Sources:  The Oxford Encyclopedia of Food and Drink in America; Puerto Rican Dishes by Berta Cabanillas and Carmen Ginorio.


Sofrito – Puerto Rican Fresh Bouillon

Wednesday, April 7th, 2010

Puerto Rican Sofrito - Fresh Bouillon -

Sofrito is the essence in Puerto Rican dishes like arroz con pollo – the next rice recipe in the queue. It’s also the foundation of flavor for beans, soups and other good eats.

What is sofrito? It’s a blend of fresh vegetables and herbs. You could liken it to fresh bouillon because it can be added to a dish to round it out and give it depth.

The idea to liken this fresh base to a “bouillon” was inspired by Heidi at 101 Cookbooks. She posted a recipe for homemade bouillon a few months ago. Her version had carrots, fennel, and a slew of other veggies and herbs – preserved with salt. When I read her post, I immediately reconceptualized a way to explain the culinary use of sofrito.

This sofrito is Puerto Rican. It is not spicy. But, it is flavorful! The main ingredients include: onion, peppers (bell pepper and aji dulce), garlic, cilantro and recao.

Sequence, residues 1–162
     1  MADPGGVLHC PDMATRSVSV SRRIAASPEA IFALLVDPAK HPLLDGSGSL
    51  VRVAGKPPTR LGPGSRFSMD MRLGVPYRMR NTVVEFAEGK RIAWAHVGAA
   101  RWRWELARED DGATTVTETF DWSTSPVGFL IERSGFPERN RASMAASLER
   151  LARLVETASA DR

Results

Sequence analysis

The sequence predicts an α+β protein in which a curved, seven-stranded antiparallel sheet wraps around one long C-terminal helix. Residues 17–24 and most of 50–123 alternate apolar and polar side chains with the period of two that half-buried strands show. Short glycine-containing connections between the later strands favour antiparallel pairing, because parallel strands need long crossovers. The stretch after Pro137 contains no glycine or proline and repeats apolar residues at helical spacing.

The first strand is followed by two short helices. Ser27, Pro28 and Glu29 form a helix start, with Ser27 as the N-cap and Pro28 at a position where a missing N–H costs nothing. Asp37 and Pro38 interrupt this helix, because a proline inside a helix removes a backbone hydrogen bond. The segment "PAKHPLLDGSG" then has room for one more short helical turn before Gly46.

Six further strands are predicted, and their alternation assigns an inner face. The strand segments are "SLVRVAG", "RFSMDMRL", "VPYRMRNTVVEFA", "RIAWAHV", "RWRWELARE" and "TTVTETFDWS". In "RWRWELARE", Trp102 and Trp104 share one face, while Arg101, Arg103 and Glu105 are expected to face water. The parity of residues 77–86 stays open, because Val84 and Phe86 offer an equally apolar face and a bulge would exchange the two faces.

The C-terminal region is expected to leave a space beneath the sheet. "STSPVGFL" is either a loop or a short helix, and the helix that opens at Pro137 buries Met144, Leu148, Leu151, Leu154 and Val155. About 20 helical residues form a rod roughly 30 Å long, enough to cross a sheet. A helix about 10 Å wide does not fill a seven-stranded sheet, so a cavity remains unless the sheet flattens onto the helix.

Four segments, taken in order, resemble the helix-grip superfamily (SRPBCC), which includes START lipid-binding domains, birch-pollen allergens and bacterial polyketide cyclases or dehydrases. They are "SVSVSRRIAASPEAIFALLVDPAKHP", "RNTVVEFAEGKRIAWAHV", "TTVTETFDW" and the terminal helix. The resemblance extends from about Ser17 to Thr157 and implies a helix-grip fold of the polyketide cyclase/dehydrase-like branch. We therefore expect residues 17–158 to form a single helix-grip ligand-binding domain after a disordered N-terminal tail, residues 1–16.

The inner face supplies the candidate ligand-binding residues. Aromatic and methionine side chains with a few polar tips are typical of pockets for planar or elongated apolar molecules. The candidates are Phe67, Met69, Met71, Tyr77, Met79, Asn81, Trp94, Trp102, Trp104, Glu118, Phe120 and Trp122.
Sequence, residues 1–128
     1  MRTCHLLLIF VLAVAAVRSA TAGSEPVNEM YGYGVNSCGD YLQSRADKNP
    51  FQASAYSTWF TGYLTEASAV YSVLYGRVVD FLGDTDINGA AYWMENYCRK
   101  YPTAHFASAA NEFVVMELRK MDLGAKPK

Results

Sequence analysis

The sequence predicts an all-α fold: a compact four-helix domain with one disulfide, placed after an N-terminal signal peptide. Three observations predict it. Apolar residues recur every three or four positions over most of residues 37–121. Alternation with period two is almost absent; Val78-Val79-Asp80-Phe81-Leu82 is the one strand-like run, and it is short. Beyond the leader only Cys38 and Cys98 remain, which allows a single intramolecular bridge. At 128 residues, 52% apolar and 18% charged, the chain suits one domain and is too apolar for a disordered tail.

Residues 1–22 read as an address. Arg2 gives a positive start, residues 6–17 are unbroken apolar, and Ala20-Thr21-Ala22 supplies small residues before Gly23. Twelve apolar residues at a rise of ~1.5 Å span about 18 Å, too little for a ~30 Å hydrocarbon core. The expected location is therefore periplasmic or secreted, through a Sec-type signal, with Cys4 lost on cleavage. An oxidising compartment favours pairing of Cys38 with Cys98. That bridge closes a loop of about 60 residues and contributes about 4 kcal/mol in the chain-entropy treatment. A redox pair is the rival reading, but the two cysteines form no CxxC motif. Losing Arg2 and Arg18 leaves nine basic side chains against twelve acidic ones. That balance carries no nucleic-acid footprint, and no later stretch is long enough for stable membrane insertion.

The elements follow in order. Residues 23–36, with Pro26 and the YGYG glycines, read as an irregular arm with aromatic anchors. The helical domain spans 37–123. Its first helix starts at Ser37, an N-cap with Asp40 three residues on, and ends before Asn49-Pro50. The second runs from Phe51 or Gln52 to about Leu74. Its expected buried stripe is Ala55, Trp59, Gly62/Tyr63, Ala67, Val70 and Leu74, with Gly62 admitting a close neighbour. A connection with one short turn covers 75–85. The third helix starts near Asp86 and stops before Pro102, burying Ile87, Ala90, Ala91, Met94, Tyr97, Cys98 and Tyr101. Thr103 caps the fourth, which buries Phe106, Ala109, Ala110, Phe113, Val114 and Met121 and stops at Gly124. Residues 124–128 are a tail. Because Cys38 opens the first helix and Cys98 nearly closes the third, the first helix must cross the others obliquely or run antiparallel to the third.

In Puerto Rican cookery, recao is also referred to as culantro. It is an herb typically found in tropical areas like Puerto Rico, the Caribbean and Mexico. It has a mild green flavor that is reminiscent of, but not as strong as cilantro.

Look for it in the fresh herb section of ethnic markets labeled as spirit weed, fit weed, cilantro extranjero, cilantro habanero, or in Asian/Vietnamese markets as ngo gai.  I managed to score some at Rancho Liborio, here in Denver.

If you are a sofrito purist and have access to aji dulce, yours will likely be greener in hue. I used a red pepper, which gave it a reddish tinge.

This fresh bouillon is a great addition to your kitchen staples, especially if you’re big on Latino and Caribbean food. It can be made in large batches and frozen in smaller portions (such as ice cube trays) for convenience. For vegetarians and vegans, it’s a nice alternative to oomph up flavor. And, another huge plus, there’s no salt.

Try it! If you make sofrito and have any interesting uses for it, please leave a comment.